Invoice Factoring: How Factor Finance Works, Including Pros & Cons

One of the great ironies of running a business is that you can have great revenue figures, but still feel pinched on the cash flow side of things.

That’s because revenue doesn’t always equal free flowing cash – at least not immediately.

In many industries and business models, it can take weeks or months for invoices to be sent, paid, and cleared into usable cash for the business. 

It’s not uncommon for businesses to have five, six, or even seven figures worth of revenue tied up in invoices.

But what happens when you need this cash now? Is there a better option than patiently waiting for clients to settle up? 

Yes, there are answers.

And depending on circumstances specific to your business, invoice factoring – also known as factoring – could be the perfect solution.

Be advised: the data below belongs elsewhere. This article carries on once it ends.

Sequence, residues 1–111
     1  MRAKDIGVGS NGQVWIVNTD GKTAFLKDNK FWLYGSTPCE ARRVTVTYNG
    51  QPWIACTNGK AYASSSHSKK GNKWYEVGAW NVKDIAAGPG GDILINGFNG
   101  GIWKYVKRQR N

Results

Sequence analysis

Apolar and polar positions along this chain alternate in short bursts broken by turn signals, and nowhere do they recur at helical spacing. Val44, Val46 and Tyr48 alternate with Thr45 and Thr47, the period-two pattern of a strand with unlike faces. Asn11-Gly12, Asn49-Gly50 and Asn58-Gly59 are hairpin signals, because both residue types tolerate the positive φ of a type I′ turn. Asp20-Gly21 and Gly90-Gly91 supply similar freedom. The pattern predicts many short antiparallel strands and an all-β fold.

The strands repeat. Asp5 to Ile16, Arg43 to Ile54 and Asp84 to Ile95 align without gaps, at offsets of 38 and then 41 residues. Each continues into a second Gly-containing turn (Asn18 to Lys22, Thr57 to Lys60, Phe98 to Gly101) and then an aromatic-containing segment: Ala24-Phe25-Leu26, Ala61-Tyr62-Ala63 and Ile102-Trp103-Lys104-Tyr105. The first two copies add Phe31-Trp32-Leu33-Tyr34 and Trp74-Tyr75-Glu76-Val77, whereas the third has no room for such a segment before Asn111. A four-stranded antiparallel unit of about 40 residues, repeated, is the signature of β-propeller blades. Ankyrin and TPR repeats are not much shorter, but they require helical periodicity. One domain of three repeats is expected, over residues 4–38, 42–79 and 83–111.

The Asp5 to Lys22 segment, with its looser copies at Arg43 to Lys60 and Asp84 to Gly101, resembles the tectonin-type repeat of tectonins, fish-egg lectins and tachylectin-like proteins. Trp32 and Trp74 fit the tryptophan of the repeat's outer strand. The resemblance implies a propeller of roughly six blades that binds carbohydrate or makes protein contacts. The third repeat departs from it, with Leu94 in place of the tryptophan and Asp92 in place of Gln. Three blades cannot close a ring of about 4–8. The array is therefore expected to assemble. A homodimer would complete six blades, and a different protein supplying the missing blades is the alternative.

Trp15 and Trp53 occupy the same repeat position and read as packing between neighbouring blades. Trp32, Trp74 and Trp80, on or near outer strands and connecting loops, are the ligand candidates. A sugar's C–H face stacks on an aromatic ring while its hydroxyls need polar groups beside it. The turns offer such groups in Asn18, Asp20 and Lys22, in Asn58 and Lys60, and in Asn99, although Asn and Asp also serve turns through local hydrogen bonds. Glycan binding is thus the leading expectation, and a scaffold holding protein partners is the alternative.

What is Invoice Factoring?

Invoice factoring is a specific financing method in which business owners are able to quickly unlock revenue from pending invoices to be used for things like operational expenses and other growth activities. You can think of it like getting an advance on your pending invoices. 

how invoice factoring works

Invoice factoring works by selling your accounts receivable to an invoice factoring company in exchange for cash. This means the invoice factoring company pays you and the factoring company is then paid later directly by your customer. It’s a way of liquidating accounts receivable so that you don’t have to wait 90 days or more for a customer to pay.

Every invoice factoring company has slight nuances, but they generally pay in two installments:

  • The Advance: Typically, 70 to 90 percent of the invoice is paid upfront. (On a $10,000 invoice, this would be $7,000 to $9,000.)
  • The Remainder: The rest of the loan amount, minus fees and charges, is paid after the customer has paid their outstanding balance.

Invoice factoring companies work very similarly to debt collection agencies. When a credit card company needs to be paid faster, they’ll sell the debt to an agency. The agency pays the credit card company a percentage of the balance due and then becomes the one that the money is owed to. (It’s not a perfect example – especially when you consider debt collection agencies often pay pennies on the dollar – but it’s the same basic concept.)